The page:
When he comes to the details of this house of prayer, we hear God speaking from the perspective of eternity of how he has set ‘watchmen… who shall never hold their peace day or night'(62:6) because they are ‘making mention of the Lord’ in non-stop prayer.

Now someone might argue that if we look closely, God says that he sets watchmen on the walls of Jerusalem – not of the YWAM Harpenden chapel, or the 25 Portugal Place Cambridge prayer-room! But such an argument misses Isaiah’s essential point: as the final chapter declares, ‘Thus says the Lord: Heaven is My throne, and earth is my footstool, Where is the house that you will build Me?’ God is too big to be confined to Jerusalem. Which means that to see the fulfillment of the promise of Isaiah 62:6, we need ceaselessly praying watchmen not only in Jerusalem, but in every city.

Which means we need night-and-day prayer in YWAM Harpenden, we need night-and-day prayer in Cambridge — we need every Christianity community to be dissatisfied with just showing up once a week to hear someone preach and accept the call to love God with all our hearts in 24:7 prayer and worship.

Pray without ceasing 1 Thess. 5:17

Paul’s instruction to the Thessalonian church is so simple, it shouldn’t need any explanation.

Pray without ceasing.

What does that mean? Well surely – pray without ceasing.

But because our Western culture is one in which individualism reigns supreme, when I read that statement I assume that Paul is telling me to pray without ceasing. And then I think to myself, ‘Oh, but I need to eat and to sleep and…’ and so on, and I immediately dismiss the idea of literally praying without ceasing: ‘It’s impossible.’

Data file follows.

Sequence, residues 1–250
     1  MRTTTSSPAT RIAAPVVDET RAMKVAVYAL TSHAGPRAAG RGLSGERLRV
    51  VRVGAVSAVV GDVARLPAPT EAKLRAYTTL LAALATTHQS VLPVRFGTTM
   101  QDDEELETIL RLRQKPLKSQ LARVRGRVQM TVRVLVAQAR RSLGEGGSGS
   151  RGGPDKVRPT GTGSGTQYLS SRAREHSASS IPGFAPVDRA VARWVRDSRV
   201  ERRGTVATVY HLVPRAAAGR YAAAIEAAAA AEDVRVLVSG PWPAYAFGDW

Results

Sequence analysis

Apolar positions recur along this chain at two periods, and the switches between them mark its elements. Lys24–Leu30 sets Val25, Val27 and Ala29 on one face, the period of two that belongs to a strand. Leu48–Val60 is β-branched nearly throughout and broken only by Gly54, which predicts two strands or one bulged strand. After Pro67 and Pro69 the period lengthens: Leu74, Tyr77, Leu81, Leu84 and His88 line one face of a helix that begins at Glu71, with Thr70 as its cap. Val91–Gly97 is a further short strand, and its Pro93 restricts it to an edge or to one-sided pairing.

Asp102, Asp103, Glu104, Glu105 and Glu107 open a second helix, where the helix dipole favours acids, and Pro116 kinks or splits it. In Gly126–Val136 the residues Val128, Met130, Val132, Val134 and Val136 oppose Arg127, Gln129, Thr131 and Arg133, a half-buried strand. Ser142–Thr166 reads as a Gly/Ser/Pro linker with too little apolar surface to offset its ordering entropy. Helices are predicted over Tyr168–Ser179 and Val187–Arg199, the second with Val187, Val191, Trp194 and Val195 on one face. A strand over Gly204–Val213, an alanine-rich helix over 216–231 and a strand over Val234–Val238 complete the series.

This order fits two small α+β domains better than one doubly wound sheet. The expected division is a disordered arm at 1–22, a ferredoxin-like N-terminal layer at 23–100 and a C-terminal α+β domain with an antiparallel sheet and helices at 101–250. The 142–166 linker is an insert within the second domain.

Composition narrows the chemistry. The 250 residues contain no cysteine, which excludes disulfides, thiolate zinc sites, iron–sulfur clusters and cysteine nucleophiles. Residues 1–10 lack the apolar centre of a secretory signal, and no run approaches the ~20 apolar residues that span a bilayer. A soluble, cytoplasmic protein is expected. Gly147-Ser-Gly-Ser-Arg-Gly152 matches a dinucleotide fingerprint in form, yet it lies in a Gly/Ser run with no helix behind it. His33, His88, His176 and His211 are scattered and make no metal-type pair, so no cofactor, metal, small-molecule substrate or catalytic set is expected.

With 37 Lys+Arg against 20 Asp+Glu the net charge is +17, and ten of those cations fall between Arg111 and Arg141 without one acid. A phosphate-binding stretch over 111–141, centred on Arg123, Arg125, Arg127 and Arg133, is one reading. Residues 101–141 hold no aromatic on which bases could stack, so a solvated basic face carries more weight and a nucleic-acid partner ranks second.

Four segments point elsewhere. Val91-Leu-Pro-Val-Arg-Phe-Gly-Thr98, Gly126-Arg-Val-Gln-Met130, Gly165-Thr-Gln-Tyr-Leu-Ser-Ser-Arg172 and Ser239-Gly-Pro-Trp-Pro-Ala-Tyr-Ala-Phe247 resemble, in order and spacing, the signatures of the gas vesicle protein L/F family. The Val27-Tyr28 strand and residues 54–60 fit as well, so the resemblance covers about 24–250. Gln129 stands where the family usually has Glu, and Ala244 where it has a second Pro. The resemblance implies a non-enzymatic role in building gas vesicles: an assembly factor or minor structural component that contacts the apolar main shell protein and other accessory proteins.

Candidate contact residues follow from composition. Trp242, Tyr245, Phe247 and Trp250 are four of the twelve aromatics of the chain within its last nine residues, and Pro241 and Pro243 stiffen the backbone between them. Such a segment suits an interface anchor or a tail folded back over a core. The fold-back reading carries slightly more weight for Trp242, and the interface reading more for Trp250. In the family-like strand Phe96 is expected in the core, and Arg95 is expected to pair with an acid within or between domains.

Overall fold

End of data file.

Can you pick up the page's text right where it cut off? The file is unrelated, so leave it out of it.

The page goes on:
But imagine if we read Paul’s letters as being written to a community of Christian believers, who understood that only together could they fulfill their calling to be the Body of Christ. Imagine if when we read Paul telling us to pray without ceasing, we realized that although as individuals ceaseless prayer might be impossible, as a community it’s almost easy: you would only need 24 people praying an hour a day; you would only need one-hundred and sixty-eight YWAMers praying an hour a week; you would only need 29% of Harpenden’s 30 thousand inhabitants (or 7% of Cambridge’s 130 thousand or 3.6% of Luton’s 240 thousand or less than 0.017% of England’s 50 million + population) to be praying Christians prepared to spend one hour a year contributing to ceaseless prayer…